Finally, Egnor’s blathering continues to show that the people at the Discovery Institute have run out of arguments for Intelligent Design. They’ve lost the battle against evolution: they lost it in Texas, twice, they lost in at Ball State, and they’ve repeatedly lost it in court. Now, bereft of success, they’re reduced to pointing out what they see as inconsistencies or character flaws in evolutionary biologists. (Remember when they allied me with Nazis, racists, and eugenicists simply because I visited John Scopes’s grave and said I’d like to shake his hand?) But it would at least behoove them to understand what their opponents are saying before they attack them.

We are devoted to challenging philosophical materialism. Pointing out the absurdity of the denial of free will — a denial that follows naturally from philosophical materialism — is fitting and proper, and I must say that Coyne makes the refutation of philosophical materialism uncommonly easy and, rather often, entertaining.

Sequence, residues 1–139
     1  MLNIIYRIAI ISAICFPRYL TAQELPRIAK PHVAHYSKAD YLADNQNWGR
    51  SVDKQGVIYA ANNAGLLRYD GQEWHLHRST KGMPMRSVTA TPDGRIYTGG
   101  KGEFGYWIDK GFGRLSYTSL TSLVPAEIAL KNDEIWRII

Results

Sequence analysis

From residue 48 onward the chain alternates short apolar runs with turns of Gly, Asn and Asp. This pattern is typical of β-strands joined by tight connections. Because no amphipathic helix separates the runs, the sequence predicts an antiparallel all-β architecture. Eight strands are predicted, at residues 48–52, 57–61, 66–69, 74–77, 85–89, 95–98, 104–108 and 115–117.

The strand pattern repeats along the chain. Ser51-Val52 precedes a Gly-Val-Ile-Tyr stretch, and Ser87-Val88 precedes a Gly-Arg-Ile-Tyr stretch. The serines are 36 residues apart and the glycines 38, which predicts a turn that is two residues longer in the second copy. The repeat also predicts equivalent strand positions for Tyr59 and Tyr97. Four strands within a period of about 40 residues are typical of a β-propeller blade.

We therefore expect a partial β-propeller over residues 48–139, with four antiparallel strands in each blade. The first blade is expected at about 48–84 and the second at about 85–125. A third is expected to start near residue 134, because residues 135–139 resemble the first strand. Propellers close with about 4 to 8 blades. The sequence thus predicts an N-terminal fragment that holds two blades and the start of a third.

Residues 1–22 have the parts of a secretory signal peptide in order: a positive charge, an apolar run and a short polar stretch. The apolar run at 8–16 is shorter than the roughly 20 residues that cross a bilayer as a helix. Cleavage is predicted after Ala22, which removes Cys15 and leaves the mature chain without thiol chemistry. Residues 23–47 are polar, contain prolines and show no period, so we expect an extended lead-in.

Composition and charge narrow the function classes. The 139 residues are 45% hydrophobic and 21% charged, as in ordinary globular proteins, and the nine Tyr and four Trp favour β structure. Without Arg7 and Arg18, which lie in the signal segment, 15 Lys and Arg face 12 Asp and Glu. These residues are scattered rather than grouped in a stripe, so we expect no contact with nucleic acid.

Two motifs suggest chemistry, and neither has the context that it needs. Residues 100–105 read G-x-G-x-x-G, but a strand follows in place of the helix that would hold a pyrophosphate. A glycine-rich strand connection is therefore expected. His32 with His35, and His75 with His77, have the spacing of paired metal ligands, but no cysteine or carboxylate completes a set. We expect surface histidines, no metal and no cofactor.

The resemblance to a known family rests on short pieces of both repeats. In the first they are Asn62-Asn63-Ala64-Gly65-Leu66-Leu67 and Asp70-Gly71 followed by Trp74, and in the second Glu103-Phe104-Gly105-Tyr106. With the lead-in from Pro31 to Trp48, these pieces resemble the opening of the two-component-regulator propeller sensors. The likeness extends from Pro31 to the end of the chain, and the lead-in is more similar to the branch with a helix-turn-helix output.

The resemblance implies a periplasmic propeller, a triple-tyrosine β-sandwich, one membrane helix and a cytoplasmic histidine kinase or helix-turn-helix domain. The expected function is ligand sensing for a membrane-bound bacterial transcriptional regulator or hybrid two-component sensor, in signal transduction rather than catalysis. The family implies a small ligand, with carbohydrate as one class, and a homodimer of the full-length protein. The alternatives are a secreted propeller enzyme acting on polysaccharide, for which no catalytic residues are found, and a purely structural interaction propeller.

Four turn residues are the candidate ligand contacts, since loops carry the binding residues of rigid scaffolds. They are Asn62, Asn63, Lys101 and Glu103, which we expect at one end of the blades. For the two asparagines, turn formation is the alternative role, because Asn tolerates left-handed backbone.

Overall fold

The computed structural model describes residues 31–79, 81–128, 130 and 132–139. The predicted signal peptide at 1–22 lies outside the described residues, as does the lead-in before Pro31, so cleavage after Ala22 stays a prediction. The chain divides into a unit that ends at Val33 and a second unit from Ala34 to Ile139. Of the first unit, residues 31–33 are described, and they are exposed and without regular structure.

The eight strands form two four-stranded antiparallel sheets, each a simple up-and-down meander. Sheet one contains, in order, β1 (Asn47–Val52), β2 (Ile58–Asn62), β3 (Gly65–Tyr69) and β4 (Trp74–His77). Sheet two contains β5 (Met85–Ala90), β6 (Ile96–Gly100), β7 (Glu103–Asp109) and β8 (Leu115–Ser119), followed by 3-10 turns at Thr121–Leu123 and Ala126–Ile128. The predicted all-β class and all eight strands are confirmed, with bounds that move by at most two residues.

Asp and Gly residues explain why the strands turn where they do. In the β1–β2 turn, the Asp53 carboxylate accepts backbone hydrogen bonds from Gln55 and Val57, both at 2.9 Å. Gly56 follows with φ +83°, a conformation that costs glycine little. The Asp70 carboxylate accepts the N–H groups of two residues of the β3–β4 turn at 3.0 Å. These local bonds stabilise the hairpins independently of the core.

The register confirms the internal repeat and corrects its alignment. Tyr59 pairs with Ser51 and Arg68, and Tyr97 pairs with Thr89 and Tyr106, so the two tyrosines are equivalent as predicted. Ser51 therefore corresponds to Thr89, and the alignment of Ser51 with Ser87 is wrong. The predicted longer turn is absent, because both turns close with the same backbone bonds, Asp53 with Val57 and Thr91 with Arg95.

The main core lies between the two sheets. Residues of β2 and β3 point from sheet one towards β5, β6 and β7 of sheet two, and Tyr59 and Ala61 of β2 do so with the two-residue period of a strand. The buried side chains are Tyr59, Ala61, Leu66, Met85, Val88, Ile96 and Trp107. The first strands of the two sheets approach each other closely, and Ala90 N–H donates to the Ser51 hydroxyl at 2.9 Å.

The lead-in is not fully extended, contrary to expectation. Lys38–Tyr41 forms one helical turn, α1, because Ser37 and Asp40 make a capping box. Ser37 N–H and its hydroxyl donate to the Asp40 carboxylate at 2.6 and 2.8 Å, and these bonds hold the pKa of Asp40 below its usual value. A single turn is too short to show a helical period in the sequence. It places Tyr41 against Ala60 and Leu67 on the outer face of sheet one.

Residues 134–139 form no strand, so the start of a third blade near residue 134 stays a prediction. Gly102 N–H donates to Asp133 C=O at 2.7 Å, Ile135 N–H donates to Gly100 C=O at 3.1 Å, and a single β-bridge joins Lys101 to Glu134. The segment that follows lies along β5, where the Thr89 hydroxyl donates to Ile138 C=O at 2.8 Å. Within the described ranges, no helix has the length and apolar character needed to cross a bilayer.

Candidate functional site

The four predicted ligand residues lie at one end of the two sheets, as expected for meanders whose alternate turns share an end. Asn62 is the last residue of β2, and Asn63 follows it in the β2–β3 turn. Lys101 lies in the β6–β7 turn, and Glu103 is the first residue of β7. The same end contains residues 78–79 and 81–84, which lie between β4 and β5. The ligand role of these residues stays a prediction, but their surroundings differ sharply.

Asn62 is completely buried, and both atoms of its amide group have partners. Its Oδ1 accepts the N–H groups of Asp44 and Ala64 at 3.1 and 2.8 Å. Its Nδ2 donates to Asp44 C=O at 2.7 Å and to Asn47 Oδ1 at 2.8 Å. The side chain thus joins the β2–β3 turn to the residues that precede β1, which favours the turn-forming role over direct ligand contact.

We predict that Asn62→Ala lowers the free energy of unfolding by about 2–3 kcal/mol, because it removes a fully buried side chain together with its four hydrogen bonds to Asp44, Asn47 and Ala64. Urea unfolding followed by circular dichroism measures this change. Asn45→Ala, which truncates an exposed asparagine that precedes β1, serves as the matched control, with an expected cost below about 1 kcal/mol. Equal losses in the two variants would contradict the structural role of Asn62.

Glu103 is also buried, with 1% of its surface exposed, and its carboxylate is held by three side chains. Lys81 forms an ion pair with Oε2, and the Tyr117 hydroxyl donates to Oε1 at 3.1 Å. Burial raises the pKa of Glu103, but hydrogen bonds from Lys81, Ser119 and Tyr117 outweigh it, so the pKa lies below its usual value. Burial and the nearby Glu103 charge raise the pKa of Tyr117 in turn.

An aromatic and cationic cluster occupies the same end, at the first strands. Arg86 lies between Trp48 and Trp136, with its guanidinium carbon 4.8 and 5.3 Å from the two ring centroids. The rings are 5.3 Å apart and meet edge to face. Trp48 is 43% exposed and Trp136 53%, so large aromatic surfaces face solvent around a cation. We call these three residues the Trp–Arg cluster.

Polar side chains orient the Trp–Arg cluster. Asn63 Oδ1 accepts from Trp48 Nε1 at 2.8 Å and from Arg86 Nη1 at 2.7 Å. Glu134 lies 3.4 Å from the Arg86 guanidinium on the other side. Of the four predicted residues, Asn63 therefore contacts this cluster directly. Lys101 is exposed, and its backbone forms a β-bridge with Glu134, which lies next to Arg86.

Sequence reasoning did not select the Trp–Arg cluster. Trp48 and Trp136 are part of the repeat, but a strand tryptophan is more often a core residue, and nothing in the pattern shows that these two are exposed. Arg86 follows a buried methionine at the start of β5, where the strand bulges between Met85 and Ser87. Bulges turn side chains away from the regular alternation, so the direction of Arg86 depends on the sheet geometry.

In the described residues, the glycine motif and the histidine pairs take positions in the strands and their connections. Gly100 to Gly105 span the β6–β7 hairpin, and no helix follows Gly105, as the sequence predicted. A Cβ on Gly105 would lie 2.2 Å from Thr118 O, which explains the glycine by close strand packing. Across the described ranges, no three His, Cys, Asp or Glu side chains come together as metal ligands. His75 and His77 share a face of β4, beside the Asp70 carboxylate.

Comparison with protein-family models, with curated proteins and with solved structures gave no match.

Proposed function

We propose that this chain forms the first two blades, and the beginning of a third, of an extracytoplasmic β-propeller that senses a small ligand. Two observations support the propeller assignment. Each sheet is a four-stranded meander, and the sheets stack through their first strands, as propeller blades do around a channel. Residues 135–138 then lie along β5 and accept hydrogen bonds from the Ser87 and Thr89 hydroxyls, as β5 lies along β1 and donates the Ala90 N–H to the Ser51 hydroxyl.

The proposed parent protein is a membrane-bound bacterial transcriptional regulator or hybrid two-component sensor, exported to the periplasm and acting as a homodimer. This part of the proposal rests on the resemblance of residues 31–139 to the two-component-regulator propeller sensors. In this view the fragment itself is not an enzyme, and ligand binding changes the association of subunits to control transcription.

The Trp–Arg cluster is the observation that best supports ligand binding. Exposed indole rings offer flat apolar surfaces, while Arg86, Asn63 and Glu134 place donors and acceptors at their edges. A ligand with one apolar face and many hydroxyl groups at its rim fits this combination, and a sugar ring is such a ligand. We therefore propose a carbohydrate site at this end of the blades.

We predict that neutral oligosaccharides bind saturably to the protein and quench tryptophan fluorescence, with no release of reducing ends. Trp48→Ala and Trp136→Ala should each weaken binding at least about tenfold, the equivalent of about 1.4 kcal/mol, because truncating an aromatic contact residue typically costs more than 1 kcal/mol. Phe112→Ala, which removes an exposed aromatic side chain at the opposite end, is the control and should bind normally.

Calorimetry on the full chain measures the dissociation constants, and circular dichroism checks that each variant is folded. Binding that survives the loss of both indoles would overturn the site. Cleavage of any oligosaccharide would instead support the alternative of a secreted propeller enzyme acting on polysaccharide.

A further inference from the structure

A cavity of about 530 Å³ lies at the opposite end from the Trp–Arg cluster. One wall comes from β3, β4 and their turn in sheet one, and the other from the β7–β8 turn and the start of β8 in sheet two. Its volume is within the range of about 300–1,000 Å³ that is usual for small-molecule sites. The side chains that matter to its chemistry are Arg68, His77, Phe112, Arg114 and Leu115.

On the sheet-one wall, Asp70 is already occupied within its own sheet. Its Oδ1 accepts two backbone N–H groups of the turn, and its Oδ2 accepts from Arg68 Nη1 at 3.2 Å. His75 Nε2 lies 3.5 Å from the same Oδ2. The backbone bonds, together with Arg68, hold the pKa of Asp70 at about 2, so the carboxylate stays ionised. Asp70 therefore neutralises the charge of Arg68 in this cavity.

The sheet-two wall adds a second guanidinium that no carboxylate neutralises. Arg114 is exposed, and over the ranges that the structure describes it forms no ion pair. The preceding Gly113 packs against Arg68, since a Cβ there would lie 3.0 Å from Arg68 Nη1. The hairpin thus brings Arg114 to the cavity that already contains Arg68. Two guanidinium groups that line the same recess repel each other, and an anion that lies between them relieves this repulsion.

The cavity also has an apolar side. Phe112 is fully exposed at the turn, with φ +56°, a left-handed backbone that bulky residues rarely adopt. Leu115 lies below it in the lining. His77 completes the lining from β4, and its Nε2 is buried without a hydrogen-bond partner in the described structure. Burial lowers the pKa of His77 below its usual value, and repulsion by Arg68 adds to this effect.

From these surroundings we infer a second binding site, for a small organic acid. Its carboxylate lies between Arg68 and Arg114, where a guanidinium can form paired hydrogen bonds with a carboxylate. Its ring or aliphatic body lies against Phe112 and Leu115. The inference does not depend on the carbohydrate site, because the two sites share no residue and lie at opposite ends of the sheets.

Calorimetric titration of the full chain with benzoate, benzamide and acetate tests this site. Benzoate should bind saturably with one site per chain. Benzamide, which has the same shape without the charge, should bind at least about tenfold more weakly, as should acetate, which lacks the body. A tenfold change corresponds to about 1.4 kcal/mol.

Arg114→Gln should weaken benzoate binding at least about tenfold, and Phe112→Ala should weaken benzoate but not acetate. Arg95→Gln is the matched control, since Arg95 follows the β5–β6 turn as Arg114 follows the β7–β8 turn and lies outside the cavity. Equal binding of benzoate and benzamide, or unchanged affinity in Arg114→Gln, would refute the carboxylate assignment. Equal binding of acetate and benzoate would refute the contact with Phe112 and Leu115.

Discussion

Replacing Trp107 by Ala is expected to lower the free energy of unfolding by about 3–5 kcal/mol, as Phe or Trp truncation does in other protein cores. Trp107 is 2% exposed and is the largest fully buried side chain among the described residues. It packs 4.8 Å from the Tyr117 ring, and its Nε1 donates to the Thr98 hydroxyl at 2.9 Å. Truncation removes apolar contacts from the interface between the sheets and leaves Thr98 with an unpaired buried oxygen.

Image: bptakoma/Flickr. The photo is for illustration purposes only. It does not depict Dr. Coyne’s car.

Michael Egnor

Senior Fellow, Center for Natural & Artificial Intelligence
Michael R. Egnor, MD, is a Professor of Neurosurgery and Pediatrics at State University of New York, Stony Brook, has served as the Director of Pediatric Neurosurgery, and award-winning brain surgeon. He was named one of New York’s best doctors by the New York Magazine in 2005. He received his medical education at Columbia University College of Physicians and Surgeons and completed his residency at Jackson Memorial Hospital. His research on hydrocephalus has been published in journals including Journal of Neurosurgery, Pediatrics, and Cerebrospinal Fluid Research. He is on the Scientific Advisory Board of the Hydrocephalus Association in the United States and has lectured extensively throughout the United States and Europe.